The Associated Press-NORC Center for Public Affairs Research finds that only 29 percent of American voters believe Donald Trump will be “fit to be president” if he is convicted in the Stormy Daniels hush money case. In fact, only 58 percent of Republicans think he should serve again in the Oval Office if he’s loses the case. I could be wrong, but I actually believe these results underestimate the likely impact. Trump desperately needs a hung jury and mistrial.

But I don’t discount his chances of getting one. The survey also finds the general public highly skeptical that the proceedings in New York, which began with jury selection on Monday, are legitimate. Only a third of Americans believe Trump did anything illegal. Even fewer think Trump is getting or can get a fair shake in court. This actually extends to¬†all four criminal cases against him.

Yet, a cloud of doubt hangs over all the proceedings. Only about 3 in 10 Americans feel that any of the prosecutors who have brought charges against Trump are treating the former president fairly. And only about 2 in 10 Americans are extremely or very confident that the judges and jurors in the cases against him can be fair and impartial.

Now, the jury pool in Manhattan is probably less skeptical about the criminal cases against Trump than the nation as a whole, but it’s clear that he’s succeeded in convincing the majority of people that he’s the subject of a politicized judicial crusade. Nowhere is that impression stronger than in the Stormy Daniels case, as it’s highly doubtful a felony case would have been brought against a less prominent and provocative politician.

But that doesn’t mean Trump is innocent or that a jury won’t find him guilty. Most of the case is extremely easy to understand and there’s no room for innocence. He obviously filed false business reports in an effort to conceal payments to Daniels, in violation of law. If he continues to maintain (in or out of court) that he did not have an affair with Daniels, that’s only going to hurt his credibility and compound his problems. It’s doubtful he can convince anyone that his purpose in concealing the affair was wholly unrelated to his desire to win the 2016 election. And that’s really what his lawyers need to do, because felony convictions hinge on his state of mind. The false business records on their own are only misdemeanors, which haven’t been charged.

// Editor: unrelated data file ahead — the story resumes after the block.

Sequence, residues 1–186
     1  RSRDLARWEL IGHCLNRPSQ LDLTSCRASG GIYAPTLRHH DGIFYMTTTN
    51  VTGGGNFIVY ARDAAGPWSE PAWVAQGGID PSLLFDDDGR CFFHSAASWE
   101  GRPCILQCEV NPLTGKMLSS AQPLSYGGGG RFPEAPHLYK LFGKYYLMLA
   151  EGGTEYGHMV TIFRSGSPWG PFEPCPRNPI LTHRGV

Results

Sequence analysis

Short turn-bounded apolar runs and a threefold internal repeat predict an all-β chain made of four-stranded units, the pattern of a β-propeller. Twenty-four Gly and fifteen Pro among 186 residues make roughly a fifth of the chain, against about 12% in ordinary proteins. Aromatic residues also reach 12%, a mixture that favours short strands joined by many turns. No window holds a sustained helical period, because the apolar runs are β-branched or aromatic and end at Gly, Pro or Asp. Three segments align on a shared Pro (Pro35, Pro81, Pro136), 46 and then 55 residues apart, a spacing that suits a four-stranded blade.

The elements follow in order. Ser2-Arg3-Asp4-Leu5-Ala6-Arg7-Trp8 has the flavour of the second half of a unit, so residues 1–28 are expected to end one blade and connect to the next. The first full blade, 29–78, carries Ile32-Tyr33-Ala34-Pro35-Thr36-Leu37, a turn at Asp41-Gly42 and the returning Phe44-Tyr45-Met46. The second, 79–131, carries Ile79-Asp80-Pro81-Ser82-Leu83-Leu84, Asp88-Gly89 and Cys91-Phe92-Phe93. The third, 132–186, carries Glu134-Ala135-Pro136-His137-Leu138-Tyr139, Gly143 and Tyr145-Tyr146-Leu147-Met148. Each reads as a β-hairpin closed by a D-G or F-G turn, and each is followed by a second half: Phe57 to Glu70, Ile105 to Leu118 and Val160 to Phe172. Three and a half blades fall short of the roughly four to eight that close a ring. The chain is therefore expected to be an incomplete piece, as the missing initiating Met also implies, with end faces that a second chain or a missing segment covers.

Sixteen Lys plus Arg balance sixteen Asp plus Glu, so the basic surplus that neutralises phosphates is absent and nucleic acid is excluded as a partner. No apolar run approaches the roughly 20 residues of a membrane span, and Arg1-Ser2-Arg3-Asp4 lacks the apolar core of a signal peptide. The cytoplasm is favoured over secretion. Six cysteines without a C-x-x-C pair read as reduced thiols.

The simplicity of the story is probably why only 22 percent of those surveyed believe Trump did nothing wrong, which is fewer than in the election theft cases or the classified documents case. It’s just that a higher percentage think his behavior was unethical but not illegal. And I think that really shows the limitations of opinion polls, because the truth is many people think he did something illegal but too inconsequential to deserve arrest and consequences, certainly on felony counts. There’s no obvious way for them to answer this poll, except to say he behavior was merely unethical.

And that’s also how the jurors are going to decide their verdict. He obviously is guilty, but maybe he should get a pass because the punishment is too harsh. Trump only needs one juror to act as a spoiler, and they don’t necessarily have to be some MAGA holdout. It’s up to the prosecutors to convince the jurors of the worthiness of their case, and they’re starting from a losing position if this polling can be believed.

A verdict is expected in six weeks, and that’s somewhere around 25-30 days that Trump will be a defendant in court. If he gets a mistrial, he may largely recover from the impression that makes on the electorate, but it’s going to be damaging either way. People will get used to thinking of him as a criminal, and the facts of the case are the furthest thing from flattering.

If he is convicted, I’m curious when sentencing will take place. I anticipate that the judge will not be in a merciful mood after contending with Trump’s antics for a further six weeks, plus the post-trial period before sentencing. There’s a non-zero chance he will have already have incarcerated Trump for repeated violations of his orders. This is the real wildcard, because a well-behaved defendant with no prior convictions would not be sentenced to jail time on these charges. But that’s going to be the choice the judge faces, as we all know.

If he’s sentenced to prison at the end of this process, I expect most people will feel he’s earned it through his contemptuous behavior. In other words, even if they didn’t begin believing Trump was getting a fair shake, they’ll understand by the end that the judge had ample justification.

At least, that’s what I hope. I don’t want jury nullification in this case, and I don’t think Trump should get probation when Michael Cohen went to prison for his role in the Stormy Daniels payout.

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